Budgies are cute
The debate is finished. The distribution of the voting points and the winner are presented below.
Winner & statistics
After 4 votes and with 12 points ahead, the winner is...
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Thank you gugigor for accepting.
- Budgerigar, also called Shell Parakeet, popular species of parakeet (q.v.). 
Cute: attractive or pretty especially in a childish, youthful, or delicate way 
- a cute puppy
- a cute smile
- having or relating to the power to attract
- APPEALING: : having qualities that people like : pleasing or attractive
- arousing interest or pleasure: CHARMING
||| Source:  [merriam-webster] +  [Britannica]
Resolution: Budgerigars are attractive or pretty
As PRO I win if I prove the resolution to be true. CON must try to prevent me from achieving this validation of the resolution.
The resolution does not include every single budgie in existence. I only need to prove that some budgies are pretty.
I will now proceed with my argument.
BUDGIES ARE PRETTY
Budgies are indeed very pretty. Here is some EVIDENCE, and by that, I mean pictures that clearly depict pretty budgie. Budgies are pretty in the same way a dog or a cat is pretty. The judgement is subjective of course, but one would be mistaken in claiming that these budgies aren't as close as one can be to being objectively beautiful in every sense of the word. I furthermore bring up as evidence that I have budgies at home, and I think that they are pretty. It is an objective fact that my and many others's subjective judgement of budgies is that they are pretty. Nothing CON can say takes away from this fact.
BUDGIES ARE ATTRACTIVE
Attractive has already been defined in three ways:
1 Having or relating to the power to attract
Humans don't usually feed animals unless they eat them afterwards. The only exceptions are where the animals are studied or used for other purposes. This is clearly not the case with animals like dogs and cats. These animals are fed by humans, most often without any reason whatsoever. This is due to some unknown power of theirs, called attractiveness. Inhibiting this power makes an animal popular, and incentives humans to feed it without getting anything useful in return. I will show that budgies have the power to attract, and thus prove that budgies are attractive.
This task is very easy to accomplish. First some sourced evidence and then a logical syllogism.
There are more budgies in the world than any other type of pet bird. People have loved them from the moment the Australian budgerigar was first introduced into European bird collections in the 1840s. And if there’s one thing that’s propelled them to the top slot, it’s sheer personality. [budgies/most_popular_bird]
P1: Humans feed only attractive animals without getting anything useful
P2: Budgies are feed by humans without getting anything useful [take my budgies as an example]
C: Budgies are attractive animals.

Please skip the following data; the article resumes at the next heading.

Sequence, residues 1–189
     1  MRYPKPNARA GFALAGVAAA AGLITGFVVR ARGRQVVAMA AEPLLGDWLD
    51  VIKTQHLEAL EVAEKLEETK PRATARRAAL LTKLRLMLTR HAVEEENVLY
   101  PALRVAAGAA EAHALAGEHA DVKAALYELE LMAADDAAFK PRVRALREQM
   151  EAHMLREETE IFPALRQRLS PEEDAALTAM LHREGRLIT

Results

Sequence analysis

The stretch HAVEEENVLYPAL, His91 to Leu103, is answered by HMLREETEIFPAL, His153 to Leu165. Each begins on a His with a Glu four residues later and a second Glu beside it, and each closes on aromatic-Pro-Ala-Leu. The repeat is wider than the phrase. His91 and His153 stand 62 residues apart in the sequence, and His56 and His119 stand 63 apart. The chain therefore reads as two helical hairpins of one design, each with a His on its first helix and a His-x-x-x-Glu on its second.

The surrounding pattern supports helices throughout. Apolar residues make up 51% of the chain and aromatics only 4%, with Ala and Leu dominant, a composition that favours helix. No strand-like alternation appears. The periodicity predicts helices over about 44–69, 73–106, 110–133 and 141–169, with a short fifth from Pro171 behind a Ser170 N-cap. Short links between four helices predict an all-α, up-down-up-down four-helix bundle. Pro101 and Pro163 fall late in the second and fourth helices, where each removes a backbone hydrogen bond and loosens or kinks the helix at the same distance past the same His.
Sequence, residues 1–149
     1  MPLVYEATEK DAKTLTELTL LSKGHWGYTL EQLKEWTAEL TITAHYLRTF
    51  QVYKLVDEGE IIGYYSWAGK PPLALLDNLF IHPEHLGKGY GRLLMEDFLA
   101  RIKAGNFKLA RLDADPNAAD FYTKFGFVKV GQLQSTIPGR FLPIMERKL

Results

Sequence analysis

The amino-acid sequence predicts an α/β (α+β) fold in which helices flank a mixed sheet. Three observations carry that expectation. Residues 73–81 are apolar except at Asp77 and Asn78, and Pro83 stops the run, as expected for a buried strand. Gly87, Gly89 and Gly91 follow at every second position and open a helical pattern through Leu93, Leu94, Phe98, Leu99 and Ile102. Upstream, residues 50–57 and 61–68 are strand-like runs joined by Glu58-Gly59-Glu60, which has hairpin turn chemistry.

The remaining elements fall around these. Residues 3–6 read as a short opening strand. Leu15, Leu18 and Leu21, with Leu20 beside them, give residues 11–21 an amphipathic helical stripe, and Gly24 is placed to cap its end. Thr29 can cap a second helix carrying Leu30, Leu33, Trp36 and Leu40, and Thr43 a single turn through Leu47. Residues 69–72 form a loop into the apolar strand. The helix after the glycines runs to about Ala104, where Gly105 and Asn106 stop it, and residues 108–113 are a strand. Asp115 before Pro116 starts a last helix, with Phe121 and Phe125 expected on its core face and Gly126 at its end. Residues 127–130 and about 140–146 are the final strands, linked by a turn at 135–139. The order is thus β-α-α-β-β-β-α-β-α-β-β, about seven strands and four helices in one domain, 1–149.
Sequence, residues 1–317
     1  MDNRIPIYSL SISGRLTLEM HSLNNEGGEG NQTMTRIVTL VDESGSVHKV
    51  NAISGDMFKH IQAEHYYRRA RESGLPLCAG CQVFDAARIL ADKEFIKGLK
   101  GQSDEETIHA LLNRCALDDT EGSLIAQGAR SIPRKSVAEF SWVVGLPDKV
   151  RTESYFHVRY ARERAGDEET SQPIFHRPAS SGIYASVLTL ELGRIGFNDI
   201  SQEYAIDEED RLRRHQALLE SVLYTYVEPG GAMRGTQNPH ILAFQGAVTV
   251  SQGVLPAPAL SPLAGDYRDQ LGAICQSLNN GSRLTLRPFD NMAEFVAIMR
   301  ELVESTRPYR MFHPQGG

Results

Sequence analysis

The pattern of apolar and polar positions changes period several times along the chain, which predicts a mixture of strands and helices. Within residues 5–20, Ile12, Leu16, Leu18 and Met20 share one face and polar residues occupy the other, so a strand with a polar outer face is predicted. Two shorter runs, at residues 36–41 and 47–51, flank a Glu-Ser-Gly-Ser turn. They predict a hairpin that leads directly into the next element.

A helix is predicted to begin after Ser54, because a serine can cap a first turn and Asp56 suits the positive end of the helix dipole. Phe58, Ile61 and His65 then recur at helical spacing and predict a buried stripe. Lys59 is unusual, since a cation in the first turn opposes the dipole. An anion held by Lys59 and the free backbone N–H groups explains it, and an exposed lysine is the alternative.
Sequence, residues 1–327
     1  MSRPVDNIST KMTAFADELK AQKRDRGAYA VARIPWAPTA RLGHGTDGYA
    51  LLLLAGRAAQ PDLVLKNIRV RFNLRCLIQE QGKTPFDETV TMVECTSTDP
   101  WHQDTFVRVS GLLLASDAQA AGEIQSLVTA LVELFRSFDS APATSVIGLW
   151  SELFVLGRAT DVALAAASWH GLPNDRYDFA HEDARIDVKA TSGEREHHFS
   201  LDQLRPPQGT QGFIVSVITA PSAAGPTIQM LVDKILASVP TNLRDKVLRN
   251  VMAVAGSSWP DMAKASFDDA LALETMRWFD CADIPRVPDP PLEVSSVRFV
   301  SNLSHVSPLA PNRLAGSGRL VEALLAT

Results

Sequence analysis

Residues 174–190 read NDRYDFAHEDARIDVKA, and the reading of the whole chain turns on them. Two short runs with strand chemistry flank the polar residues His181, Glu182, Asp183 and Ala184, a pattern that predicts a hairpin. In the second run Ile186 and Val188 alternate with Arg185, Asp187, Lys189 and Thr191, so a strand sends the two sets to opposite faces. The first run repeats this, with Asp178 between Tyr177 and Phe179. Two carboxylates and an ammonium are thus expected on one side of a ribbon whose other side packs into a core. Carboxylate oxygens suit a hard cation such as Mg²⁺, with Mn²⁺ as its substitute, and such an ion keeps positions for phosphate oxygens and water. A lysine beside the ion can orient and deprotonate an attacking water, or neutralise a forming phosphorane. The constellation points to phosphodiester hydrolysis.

This logic is undeniable.
2. Having qualities that people like
This is true for several reasons. First of all, it would be extremely odd if the world's most popular pet birds did not have qualities people like. PRO has to explain why that is and how that is possible before he can justifiably claim that budgies aren't attractive. Secondly, evidence proves that people are enthusiastic towards budgies.
Budgies have become the most popular and most common pet birds in the world - due to a combination of compact size, beautiful markings / colors of their plumage, playful nature, low cost and exceptional talking abilities.Budgie enthusiasts have long recognized how very smart these parakeets are; and appreciate that they are far less troublesome than their larger cousins.Budgies are amongst the most loved parrots around the world. They are smart, affectionate, and beautiful, and come in a wide spectrum of color variations and varieties.
My sources speak for themselves. There can be no doubt that Budgies have qualities that people like.
3. Arousing interest or pleasure; Appealing
Budgies have aroused a lot of interest, to the point where they are sold all over the world and kept as pets. Pleasure means "a source of delight or joy", and budgies have indeed arisen joy and delight into people. Unless PRO is ready to argue that pets don't bring us pleasure this should be considered a truism. Even if PRO can think of intellectual reasons for Budgies not being appealing, he can't deny that most kids and people find their own pets appealing no matter what animal it is. Therefore, PRO cannot claim that budgies aren't appealing or that they don't bring pleasure without denying the experience of every budgie owner in the world.
- My job is to prove that Budgies are pretty or attractive, which means that proving either to be true is a fulfilment of my BoP.
- Since the word cute is innately subjective, the statement "Budgies are cute" is a fact if people think budgies are cute.
- People DO think budgies are cute.
- I have proved that budgies are pretty.
- I have proved that budgies fit all three definitions of attractive, going in-depth on each one.
- PRO can't make intellectual arguments to dispute my evidence since it's all subjective.
- The only option for PRO to win is to deny that the information presented by me and my sources is valid.
Budgies are cute. The resolution is proven correct beyond reasonable doubt.
Pro argues "The resolution does not include every single budgie in existence. I only need to prove that some budgies are pretty."